Because dental implants are a major procedure that involves cutting into gums and drilling into bone, it’s quite natural for you to experience some pain after having them put in. However, this pain should only last about seven to 10 days after the procedure. If you are still suffering after this period or have new pain months afterward, it could be an indication that something is amiss. Here are 5 reasons your dental implants might be causing you pain.
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One common complication of dental implants is an infection. This can occur because of bacteria that was present during the surgery or because you don’t exercise proper dental hygiene. Other than pain, you may notice inflammation or swelling in the area or bleeding of the gums near the implant.
It’s very important to seek treatment if you think you have an infection. If left untreated, you can begin to lose bone, causing the implant to fail. The best treatment for infection is antibiotics.
2. Loose Implant
Sometimes, an implant may not be installed successfully. When this happens, the jawbone and the implant don’t fuse together properly, allowing the implant to become loose. There can be a number of reasons this occurs, including insufficient bone volume or improper positioning.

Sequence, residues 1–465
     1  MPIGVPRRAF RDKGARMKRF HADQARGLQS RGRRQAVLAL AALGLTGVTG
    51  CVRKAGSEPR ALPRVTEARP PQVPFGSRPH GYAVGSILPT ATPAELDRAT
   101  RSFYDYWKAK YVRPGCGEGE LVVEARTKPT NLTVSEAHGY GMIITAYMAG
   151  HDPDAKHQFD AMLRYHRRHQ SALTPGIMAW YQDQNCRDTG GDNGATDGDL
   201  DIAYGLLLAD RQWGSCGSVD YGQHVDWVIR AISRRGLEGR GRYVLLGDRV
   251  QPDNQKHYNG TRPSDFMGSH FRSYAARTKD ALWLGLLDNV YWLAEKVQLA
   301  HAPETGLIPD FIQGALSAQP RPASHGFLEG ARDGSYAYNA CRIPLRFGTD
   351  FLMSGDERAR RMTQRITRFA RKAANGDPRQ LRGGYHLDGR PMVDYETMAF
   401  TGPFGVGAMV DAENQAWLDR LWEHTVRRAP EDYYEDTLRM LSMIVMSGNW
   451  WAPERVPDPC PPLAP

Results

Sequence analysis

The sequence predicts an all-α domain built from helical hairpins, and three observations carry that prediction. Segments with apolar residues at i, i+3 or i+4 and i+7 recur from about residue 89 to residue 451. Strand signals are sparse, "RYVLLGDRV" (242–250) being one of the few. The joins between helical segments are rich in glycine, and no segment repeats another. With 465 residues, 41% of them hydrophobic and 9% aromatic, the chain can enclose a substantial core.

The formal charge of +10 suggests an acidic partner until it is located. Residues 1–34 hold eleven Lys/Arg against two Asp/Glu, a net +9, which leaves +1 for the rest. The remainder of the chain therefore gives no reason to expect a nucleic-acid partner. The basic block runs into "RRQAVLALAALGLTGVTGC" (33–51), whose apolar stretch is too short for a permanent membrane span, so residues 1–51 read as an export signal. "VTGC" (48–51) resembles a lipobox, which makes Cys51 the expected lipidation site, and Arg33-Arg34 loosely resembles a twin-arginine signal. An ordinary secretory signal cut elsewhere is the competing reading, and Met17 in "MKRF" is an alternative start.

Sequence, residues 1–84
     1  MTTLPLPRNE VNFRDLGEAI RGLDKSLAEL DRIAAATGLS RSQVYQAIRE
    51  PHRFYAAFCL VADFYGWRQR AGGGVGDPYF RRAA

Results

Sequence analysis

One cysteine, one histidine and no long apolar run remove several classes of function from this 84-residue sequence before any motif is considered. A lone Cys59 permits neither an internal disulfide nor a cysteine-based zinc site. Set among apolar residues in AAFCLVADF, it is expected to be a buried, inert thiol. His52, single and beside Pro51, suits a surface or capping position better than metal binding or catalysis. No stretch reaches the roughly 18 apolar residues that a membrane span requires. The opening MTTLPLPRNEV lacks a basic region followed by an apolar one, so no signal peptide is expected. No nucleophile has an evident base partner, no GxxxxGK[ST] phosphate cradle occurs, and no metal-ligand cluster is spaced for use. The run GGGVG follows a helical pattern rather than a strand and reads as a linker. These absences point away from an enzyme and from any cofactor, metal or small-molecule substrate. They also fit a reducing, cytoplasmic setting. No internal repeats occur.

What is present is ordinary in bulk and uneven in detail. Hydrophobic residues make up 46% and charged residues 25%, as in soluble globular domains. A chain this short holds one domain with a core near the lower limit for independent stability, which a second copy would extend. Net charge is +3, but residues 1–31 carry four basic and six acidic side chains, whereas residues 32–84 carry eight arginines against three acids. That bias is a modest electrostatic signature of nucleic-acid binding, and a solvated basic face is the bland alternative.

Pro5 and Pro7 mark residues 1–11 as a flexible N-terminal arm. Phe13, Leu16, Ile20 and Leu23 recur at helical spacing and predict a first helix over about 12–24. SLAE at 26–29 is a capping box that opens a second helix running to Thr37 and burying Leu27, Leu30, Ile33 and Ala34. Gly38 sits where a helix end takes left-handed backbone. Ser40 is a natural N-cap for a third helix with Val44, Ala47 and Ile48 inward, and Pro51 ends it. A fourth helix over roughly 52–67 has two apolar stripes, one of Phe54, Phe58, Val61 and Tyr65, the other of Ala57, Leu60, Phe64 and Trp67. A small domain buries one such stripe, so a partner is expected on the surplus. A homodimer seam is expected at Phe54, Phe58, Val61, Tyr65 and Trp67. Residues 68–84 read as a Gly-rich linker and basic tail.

Regardless of how it happens, one thing you will notice with a loose implant is pain. Unfortunately, whenever an implant is loose, it usually means that it must be removed.
3. Loose Healing Cap
In many cases, what seems to be a loose implant is really only a loose healing cap. The healing cap is a small screw that is placed over the top of the implant while your mouth is healing. Eventually, it will be replaced by the permanent crown.
However, sometimes these caps can get loose and irritate surrounding gum tissue. To fix this issue, your dentist will simply remove the cap, clean the top of the implant, and then screw the healing cap back in place.
4. Nerve Damage
Another problem that can occur is a dental implant being placed too close to surrounding nerves. This can cause damage to these nerves, leading to symptoms like chronic pain and numbness or tingling in the face, lips, and chin.
In some cases, this damage might only be temporary as your body heals. However, it can also be permanent and require the removal of the implant.
5. Pressure from Temporary Bridge
While you are waiting for your implant to heal, the dentist will usually place a bridge over the implant to act as a temporary tooth. This temporary bridge can press into the gums, causing you to feel pain around the implant area.
Luckily, this problem is easy to fix, as your dentist simply needs to adjust the fit of the bridge to bring you relief.
If you have dental implants and are experiencing any sort of pain, be sure to contact us right away before the problem gets worse.